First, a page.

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Bhutan Sponsors“International Happiness Day”

Updated: Feb 27, 2019

Bhutan brings its philosophy of Gross National Happiness or “GNH” to the world by pushing for an International Day of Happiness at the UN General Assembly.

Recent efforts by the kingdom’s leaders have brought Bhutan’s unique message of Gross National Happiness to the attention of a wider audience.


In 2012, Bhutan, using its membership privileges, convened a special meeting at the United Nations headquarters in New York to institute “Happiness” as part of the UN’s goals for international development.

Laughing schoolboys in Trongsa, Bhutan hint at Bhutan's success at instituting "Gross National Happiness"


The meeting, which took place during the 66th Session of the UN General Assembly, was attended by a panel of international luminaries such as the economist Jeffrey Sachs and the Nobel Laureate Joseph Stiglitz among others.

Among the results of that meeting was the adoption of March 20 as what is now the UN International Day of Happiness.

As framed with Bhutan's intiative, Resolution 66/281 of the United Nations General Assembly states, in part: “Conscious that the pursuit of happiness is a fundamental human goal,[…] Recognizing also the need for a more inclusive, equitable and balanced approach to economic growth that promotes sustainable development, poverty eradication, happiness and the well-being of all peoples, Decides to proclaim 20 March the International Day of Happiness…”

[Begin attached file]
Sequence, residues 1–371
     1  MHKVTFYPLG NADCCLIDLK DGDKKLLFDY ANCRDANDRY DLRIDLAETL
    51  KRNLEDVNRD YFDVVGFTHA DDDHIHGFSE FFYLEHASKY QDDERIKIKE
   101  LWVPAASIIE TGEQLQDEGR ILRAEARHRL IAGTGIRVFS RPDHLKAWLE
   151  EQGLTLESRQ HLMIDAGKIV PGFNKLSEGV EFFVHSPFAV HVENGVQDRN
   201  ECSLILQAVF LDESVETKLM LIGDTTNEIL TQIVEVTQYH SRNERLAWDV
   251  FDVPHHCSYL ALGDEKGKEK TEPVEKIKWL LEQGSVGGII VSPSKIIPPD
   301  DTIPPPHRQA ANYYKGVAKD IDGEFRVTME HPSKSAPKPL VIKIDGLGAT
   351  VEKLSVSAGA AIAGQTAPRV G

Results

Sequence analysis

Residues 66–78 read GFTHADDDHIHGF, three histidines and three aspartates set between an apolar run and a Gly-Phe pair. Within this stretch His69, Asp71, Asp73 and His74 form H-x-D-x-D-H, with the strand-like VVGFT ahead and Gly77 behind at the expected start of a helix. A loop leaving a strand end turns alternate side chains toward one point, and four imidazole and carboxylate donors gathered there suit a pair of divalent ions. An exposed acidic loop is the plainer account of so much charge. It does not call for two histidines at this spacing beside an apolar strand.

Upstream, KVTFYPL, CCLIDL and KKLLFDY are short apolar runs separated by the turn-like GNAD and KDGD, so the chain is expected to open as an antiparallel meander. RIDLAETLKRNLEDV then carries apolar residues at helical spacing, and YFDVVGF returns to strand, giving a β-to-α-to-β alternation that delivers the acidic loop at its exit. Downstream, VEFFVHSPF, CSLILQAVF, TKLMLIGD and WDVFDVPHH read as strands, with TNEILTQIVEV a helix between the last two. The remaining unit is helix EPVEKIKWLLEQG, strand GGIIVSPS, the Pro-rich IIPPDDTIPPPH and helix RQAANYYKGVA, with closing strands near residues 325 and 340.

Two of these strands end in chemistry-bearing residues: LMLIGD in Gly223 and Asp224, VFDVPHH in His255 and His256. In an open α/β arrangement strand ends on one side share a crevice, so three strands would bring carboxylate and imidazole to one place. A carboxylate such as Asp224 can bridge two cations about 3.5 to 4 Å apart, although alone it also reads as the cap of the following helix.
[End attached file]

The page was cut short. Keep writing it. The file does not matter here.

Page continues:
While the kingdom has convened other, earlier, international meetings on Gross National Happiness in Thailand, Brazil, Canada and the Netherlands, the adoption by the UN is considered by many in Bhutan to be one of the most concrete achievements yet.

Gross National Happiness policy, the brainchild of His Majesty Jigme Singye Wangchuck, Bhutan’s fourth king (father of the current king), was first proposed in 1972. Since then, the policy has been elaborated and expanded under the leadership of such government agencies as the Gross National Happiness Commission and the Bhutan-based (and Bhutan-led) think-tank Centre for Bhutan Studies (CBS).

As it is popularly understood now Gross National Happiness has four pillars: good governance, sustainable socio-economic development, cultural preservation, and environmental conservation. The four pillars are further divided into 9 sub-domains that measure psychological wellbeing, health, education, time use, cultural diversity and resilience, good governance, community vitality, ecological diversity and resilience, and living standards. According to the CBS, “the domains represents each of the components of wellbeing of the Bhutanese people, and the term ‘wellbeing’ here refers to fulfilling conditions of a ‘good life’ as per the values and principles laid down by the concept of Gross National Happiness.”

To further the goals of Gross National Happiness, Bhutan continues to host international and bilateral events, delegations, academics, researchers and economists aimed at helping the Bhutanese government improve and fine-tune the accuracy of its national happiness indicators.